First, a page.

In the course of a discussion about that litigious atheist who is seeking to censor “In God We Trust” from the nation’s coins, Pastor Cwirla makes a fascinating point:
Newdow is that new breed of assertive atheist who doesn’t want to hear or see the G-word in public, especially at public expense. Apparently putting the G-word on currency is the equivalent of state-sponsored religion, contrary to the 1st amendment, or so he argues. I guess no one ever thought of that back in 1864. To call this state sponsored religion is a bit like suggesting that a teenager who says “ohmygod” every other sentence is being very religious.
If we are going to ban the mention of “God” and religious references from the public square, let’s enlist the ACLU and militant atheists in a crusade to ban profanity. (Scatology [bodily function words] and obscenity [words about things that should take place out of sight, “outside the scene,” such as sex talk] can, of course, remain.)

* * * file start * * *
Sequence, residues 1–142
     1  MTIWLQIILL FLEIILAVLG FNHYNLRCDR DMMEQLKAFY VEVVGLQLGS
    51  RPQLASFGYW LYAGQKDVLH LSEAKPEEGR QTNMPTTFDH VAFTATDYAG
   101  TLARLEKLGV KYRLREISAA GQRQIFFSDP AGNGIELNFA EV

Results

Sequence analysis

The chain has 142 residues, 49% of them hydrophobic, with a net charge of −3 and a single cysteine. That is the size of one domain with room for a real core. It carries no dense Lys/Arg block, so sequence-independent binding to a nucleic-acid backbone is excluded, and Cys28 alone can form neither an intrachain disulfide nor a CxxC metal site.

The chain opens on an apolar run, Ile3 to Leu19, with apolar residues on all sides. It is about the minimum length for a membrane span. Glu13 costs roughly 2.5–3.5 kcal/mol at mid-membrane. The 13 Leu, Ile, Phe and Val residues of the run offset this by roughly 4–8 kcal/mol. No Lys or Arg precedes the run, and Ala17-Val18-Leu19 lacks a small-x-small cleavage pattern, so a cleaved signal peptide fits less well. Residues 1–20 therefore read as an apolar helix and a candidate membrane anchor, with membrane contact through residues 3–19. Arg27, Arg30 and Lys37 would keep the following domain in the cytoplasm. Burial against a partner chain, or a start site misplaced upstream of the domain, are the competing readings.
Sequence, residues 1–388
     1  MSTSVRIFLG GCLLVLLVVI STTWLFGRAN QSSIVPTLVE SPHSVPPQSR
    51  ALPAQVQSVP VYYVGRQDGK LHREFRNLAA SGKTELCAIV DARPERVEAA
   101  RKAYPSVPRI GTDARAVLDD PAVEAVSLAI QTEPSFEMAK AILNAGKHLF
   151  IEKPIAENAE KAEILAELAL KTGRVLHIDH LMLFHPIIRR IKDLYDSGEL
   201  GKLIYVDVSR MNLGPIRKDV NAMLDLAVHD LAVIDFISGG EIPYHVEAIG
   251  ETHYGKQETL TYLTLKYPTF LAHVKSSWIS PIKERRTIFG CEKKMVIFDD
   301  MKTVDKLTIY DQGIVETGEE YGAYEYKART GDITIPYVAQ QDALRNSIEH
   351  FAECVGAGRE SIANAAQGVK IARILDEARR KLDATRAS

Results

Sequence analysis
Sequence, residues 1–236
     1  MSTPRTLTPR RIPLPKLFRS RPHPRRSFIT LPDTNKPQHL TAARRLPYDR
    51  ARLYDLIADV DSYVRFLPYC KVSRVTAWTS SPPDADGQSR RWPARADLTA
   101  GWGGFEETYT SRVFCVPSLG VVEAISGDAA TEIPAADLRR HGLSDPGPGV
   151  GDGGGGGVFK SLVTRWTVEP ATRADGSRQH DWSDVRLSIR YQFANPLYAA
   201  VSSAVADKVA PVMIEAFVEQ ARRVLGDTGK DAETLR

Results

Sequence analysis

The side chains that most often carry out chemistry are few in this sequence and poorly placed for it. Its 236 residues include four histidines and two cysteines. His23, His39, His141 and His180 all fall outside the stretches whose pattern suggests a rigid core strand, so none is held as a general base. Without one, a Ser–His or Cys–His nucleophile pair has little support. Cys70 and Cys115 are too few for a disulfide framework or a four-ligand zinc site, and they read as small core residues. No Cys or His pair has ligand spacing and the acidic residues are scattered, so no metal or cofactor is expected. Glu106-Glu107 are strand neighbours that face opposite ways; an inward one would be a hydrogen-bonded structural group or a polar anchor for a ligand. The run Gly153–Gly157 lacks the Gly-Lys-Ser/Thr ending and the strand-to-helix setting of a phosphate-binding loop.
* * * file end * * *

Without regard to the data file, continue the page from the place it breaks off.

Taking God’s name in vain, curses that consign individuals or objects to eternal punishment, and the like are all primitive and atavistic, if you come to think of it. And the speech of unbelievers tends to be full of this supercharged religious language. Its persistence strikes me as an odd proof that the religious impulse is innate and cannot be gotten rid of.
This reminds me of Hazel Motes in Flannery O’Connor’s novel “Wise Blood” who is running away from God and so goes to morally degraded people and places and actions that he thinks are the farthest away from any kind of Christianity. But the bad language of his new companions–“Jesus Christ!”–cuts through him like a knife. Even in the depths of Sheol, He is there.